Why businesses need to invest in data-driven strategies to innovate

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Data strategies within organisations are fast becoming a key competitive differentiator and necessity for innovation, as they affect a multitude of business decisions from risk analysis, customer experience, and storage. A recent PwC survey found that 83% of companies expect data and analytics will become increasingly important in the decision-making process over the next five years.

Leading organisations are more likely to differentiate themselves from their competitors based on their data platform. The ability for a platform to converge disparate forms of data, consume, and manage that data to make intelligent business decisions will be the next frontier to creating a better, more secure customer journey.  

Using big data to relieve business pressures

There’s a growing trend amongst Australian businesses to gain insight from operational and analytic data. This stems from a pressure to innovate whilst cutting costs at the same time. Big data and analytics should be leveraged by businesses to inspire organisation-wide innovation. Technologies such as automated decision systems give managers real-time alerts on cost-cutting opportunities, without requiring the managers to perform extensive research.

Although having access to massive amounts of data is often seen as the major benefit of utilising big data, the real-time nature of the data is also vitally important. Real-time analytics mean businesses are able to estimate various metrics such as consumer confidence, which previously was only measureable retrospectively.

Nowadays, we are seeing real-time analytics across industries from banking and financial services to retail. For example, retail giant Amazon’s recommendation engine leverages real-time analytics to provide product recommendations to shoppers, and it has been reported that Amazon generates approximately 35% of their revenue through recommendations. These types of analytics are becoming more frequently used adding considerable power to prediction.

The battle between platforms

Now that data analytics is commonplace within business, the point of difference comes from the data platform itself, which is increasingly becoming the point of differentiation for leading organisations.

Predictive analytics is just one example of a data platform with competitive advantage, as it allows big data and business intelligence come together.

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As a result, the platforms powering predictive analytics are becoming increasingly important as they allow businesses to have access to capabilities such as data mining, and applying machine learning and artificial intelligence algorithms to optimise business processes and uncover new statistical patterns. For example, smart buildings and their security systems are leveraging machine learning to aid in facial recognition. These systems are able to recognise measurable characteristics such as the distance between facial features, the shape of the head as well as moles, scars and birthmarks to determine the identity of individual picked up by security systems.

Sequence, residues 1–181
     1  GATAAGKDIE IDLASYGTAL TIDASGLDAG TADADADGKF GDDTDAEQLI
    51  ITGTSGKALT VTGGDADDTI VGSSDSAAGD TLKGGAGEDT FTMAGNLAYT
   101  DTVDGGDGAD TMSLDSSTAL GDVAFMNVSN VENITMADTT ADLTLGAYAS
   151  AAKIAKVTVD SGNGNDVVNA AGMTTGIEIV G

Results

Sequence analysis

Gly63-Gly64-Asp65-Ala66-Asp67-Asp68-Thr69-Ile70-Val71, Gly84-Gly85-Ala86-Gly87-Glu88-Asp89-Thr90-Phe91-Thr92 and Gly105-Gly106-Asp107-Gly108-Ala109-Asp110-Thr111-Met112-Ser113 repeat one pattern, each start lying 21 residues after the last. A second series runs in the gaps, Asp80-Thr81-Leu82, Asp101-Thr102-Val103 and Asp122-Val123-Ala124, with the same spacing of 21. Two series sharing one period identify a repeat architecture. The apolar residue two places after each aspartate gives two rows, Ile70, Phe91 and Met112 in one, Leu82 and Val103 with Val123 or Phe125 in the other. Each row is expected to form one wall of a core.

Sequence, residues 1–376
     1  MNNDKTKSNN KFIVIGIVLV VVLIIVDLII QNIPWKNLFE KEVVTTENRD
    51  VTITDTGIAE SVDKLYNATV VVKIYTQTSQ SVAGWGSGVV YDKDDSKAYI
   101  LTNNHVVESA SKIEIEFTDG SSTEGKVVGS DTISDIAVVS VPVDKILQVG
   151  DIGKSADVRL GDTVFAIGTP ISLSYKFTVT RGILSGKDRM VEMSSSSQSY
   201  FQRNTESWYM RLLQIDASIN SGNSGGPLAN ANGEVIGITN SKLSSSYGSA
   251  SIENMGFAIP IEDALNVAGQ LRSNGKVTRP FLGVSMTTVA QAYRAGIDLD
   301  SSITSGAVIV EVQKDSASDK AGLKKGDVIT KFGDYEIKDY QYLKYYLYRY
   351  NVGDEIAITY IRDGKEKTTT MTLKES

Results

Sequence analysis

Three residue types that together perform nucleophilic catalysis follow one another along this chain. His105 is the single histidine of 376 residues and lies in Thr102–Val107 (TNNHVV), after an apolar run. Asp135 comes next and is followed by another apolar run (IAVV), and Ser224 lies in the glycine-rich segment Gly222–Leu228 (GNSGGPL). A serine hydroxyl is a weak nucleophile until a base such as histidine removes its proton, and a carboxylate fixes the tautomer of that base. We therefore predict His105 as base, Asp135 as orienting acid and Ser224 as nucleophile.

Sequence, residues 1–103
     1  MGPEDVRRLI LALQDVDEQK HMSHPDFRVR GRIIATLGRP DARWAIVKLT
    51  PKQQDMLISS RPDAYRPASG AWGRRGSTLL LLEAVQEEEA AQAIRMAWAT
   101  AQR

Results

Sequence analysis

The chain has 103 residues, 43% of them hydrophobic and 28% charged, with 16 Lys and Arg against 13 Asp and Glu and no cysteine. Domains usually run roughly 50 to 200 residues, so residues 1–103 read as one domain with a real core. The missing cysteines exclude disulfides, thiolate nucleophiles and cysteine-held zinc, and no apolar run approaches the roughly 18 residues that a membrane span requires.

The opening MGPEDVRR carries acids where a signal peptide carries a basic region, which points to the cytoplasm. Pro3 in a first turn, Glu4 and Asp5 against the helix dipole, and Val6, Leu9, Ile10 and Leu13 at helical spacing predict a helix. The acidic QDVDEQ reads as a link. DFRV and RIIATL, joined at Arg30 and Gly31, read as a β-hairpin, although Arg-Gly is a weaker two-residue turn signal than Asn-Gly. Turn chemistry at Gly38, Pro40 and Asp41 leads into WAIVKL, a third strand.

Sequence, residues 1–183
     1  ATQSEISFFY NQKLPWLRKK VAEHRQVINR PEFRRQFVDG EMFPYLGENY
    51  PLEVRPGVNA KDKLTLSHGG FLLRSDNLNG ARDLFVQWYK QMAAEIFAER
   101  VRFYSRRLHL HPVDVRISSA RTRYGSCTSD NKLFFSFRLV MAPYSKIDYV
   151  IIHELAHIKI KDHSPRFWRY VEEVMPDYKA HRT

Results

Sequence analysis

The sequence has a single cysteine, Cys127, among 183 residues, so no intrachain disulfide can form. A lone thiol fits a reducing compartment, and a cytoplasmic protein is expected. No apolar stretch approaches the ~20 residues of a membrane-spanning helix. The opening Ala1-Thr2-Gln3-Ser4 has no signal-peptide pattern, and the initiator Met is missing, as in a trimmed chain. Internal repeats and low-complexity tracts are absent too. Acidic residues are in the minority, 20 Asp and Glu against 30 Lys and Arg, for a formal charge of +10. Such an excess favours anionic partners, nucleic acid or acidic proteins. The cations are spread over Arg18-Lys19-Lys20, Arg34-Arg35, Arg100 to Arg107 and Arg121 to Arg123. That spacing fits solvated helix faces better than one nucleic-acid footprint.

In addition to predictive analytics platforms, selecting converged data platforms is another way to gain competitive advantage, due to its ability to connect siloes. Data siloes such as data warehouse, message middleware, search service, and document databases are notoriously difficult to connect, and organisations must look holistically at how these connect and influence each other. Convergence of these data silos leads to real-time data to action, single data copy, easy convergence, and a horizontal scale – all processes that improve and speed up the data analytics processes that power leading organisations.

Digital transformation and big data

Digital transformation is often used as a buzzword, but when given the definition it deserves, can be responsible for companies embracing a culture of change as well as ensuring ongoing competitiveness. Big data and digital transformation gives businesses the ability to make meaningful, strategic adjustments that minimise costs and maximise results at a base level.

If organisations know what consumers and employees are doing currently, they are able to create projections for what they will do in the future. Furthermore, businesses can start implementing changes to address their needs and goals to keep them ahead of their competitors. The digital transformation process is not complete until a business adopts big data as a key component of their digital transformation strategy.

Data is helping businesses create new growth opportunities as they gain the ability to aggregate and analyse industry data. In this way, data about products and services, buyers and suppliers, consumer preferences and intent can be captured and analysed, inspiring organisational-wide digital change. In the increasingly digitised construction industry, we have seen big data leveraged through construction technology so projects are run efficiently and within budget – ensuring that construction companies maintain a competitive advantage.

It is up to forward-thinking leaders across sectors to begin to aggressively to build their organisations’ big data capabilities to ensure that competitive advantage is not lost.

Big data is rapidly becoming a crucial way for leading companies to outperform their competitors, as both established players and new entrants invest in data-driven strategies to innovate and compete.

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